Unconscious homophobia damages lives
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Written to a friend on unsubscribing from his email joke list.
"I'm not Jewish and never will be."
I don't clearly remember the message that prompted my unsubscribing. There've been a few that tempted me to leave the list. I line so fine as to be invisible to most people had been passed I guess. And not a bad idea to quit before something strongly offended me.
Notions of homophobia are necessarily blurry and idiosyncratic. The day my father told to die and starve aside I've hardly ever seen it (that wasn't a traumatic day: I never liked the old bastard). I'm a heterosexual seeming queer and was lucky enough to come out after Stonewall.
All of my sexually aware life I've loved visibly gay men: the swishy guys with limp wrists who leave a trail of glitter in their wake.
Even if they weren't feminine in manner as boys they were skinny, shy - wimpy, sometimes. Growing up they were often picked on or laughed at. But that is equally true of many a straight nerd boy. More seriously they grew up in a social context thick with words that implied that they were inferior, contemptible. Maybe it was just a couple of het males laughing and calling each other 'fag.' There are plenty of other expressions that imply that a guy who doesn't want pussy is diminished or odd.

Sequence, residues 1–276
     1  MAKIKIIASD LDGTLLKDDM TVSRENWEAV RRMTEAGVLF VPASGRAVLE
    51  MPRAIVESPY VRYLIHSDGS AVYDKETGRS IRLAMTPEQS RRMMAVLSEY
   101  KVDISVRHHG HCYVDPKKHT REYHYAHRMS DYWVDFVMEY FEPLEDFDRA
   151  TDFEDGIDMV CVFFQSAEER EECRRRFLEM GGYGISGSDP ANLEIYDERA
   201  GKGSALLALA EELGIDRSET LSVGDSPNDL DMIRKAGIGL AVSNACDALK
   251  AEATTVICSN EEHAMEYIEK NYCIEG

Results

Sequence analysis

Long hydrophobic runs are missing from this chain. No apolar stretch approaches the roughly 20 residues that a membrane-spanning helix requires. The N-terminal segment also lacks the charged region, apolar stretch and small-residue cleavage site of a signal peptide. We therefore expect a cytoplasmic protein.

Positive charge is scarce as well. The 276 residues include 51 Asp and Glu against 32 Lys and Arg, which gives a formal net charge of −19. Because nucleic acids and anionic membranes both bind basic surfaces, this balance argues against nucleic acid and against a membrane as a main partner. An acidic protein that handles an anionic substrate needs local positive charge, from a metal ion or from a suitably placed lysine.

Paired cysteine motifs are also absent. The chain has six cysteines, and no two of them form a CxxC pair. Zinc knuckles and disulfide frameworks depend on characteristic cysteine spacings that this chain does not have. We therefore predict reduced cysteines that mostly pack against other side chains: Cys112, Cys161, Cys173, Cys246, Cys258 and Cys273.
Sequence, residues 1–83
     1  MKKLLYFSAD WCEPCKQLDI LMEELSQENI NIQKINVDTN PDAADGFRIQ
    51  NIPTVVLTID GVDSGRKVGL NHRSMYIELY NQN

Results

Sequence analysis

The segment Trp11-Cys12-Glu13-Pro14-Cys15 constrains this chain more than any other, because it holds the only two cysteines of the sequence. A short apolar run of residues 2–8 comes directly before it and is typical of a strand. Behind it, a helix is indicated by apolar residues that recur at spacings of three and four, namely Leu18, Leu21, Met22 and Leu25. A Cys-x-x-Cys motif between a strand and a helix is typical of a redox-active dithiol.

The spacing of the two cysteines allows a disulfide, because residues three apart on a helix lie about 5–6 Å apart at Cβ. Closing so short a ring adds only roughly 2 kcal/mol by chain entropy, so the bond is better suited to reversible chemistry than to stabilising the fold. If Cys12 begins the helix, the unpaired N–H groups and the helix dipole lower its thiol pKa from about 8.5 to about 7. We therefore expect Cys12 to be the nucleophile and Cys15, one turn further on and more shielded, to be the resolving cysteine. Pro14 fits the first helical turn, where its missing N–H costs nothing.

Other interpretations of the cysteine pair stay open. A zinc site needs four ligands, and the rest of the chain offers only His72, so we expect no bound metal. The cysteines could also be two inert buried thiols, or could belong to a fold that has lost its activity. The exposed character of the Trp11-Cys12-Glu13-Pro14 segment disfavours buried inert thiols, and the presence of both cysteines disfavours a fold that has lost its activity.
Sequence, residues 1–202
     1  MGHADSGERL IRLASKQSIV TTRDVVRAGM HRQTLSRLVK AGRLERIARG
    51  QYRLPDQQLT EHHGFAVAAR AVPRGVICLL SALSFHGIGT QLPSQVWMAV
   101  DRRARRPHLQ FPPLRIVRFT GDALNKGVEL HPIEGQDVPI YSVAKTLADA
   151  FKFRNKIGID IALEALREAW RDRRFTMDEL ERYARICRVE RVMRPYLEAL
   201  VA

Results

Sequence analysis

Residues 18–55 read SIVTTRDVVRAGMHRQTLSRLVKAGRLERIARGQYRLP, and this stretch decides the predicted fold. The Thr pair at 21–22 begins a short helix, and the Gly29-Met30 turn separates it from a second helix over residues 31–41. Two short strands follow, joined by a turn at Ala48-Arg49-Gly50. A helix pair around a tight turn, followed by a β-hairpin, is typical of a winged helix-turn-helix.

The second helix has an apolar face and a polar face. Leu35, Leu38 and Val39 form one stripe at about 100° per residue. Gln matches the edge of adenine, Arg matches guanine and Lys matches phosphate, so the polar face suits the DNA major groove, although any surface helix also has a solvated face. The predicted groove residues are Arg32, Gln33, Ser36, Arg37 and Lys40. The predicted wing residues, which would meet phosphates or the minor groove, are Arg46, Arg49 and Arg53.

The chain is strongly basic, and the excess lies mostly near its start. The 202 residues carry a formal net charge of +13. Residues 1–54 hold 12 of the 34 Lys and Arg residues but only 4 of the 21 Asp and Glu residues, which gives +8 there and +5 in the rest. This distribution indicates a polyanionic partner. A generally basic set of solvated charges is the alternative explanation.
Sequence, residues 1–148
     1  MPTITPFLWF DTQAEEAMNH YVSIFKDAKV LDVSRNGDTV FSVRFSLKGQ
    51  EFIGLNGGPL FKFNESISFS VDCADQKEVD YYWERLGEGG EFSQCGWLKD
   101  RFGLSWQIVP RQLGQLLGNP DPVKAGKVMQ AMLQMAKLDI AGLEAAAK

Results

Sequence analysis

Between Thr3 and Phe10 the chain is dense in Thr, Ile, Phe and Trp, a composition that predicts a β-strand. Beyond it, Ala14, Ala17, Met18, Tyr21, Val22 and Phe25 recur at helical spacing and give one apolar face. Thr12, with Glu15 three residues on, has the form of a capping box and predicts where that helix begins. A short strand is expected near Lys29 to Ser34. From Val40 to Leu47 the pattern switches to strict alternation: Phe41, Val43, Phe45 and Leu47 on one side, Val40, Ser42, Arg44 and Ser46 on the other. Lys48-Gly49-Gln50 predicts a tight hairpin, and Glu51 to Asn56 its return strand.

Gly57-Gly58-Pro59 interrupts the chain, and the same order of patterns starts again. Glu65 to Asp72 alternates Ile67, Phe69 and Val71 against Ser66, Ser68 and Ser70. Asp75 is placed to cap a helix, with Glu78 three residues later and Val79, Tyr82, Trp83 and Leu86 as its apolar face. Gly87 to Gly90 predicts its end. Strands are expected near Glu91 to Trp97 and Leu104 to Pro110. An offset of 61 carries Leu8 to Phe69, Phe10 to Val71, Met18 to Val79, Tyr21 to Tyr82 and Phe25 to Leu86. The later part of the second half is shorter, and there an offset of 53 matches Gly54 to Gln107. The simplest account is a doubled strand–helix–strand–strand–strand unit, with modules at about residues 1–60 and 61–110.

For a young gay man even if he's yet to come out the implicit heterosexist propaganda is damned hurtful. Regardless of who you want to fuck (or be fucked by) without self-acceptance and sexual satisfaction you're apt to become a worthless adult (maybe even Attorney General).
Sorry that some of this sounds like self-help crap.
Those nervous nelly boys have been my lovers. Because of the delight they've given me I owe them a debt. I'm alive to that debt as I am to few things. That leaves me perhaps over-conscious of unfelt, unintended homophobia. The person uttering them isn't actually homophobic. But I have a sharp sense of who might be hurt without ever remembering the words.
I don't grudge straight men this that much (it has more to do with my own sense of personal honor). Gay men do it knowingly. We even have a word for it: sissyphobia. Reminiscent of the light skinned blacks that used to regard themselves as superior to their darker kith.
Today a guy that I like was in the shop. A few weeks ago he said "Wally Cox that f--." The dashes are just that. If he'd completed the sentence I don't know what I'd've done. He's a nice guy. If he'd said fag I'd have never been able to accept him in the store again. As it is I can't help but regard him with doubt.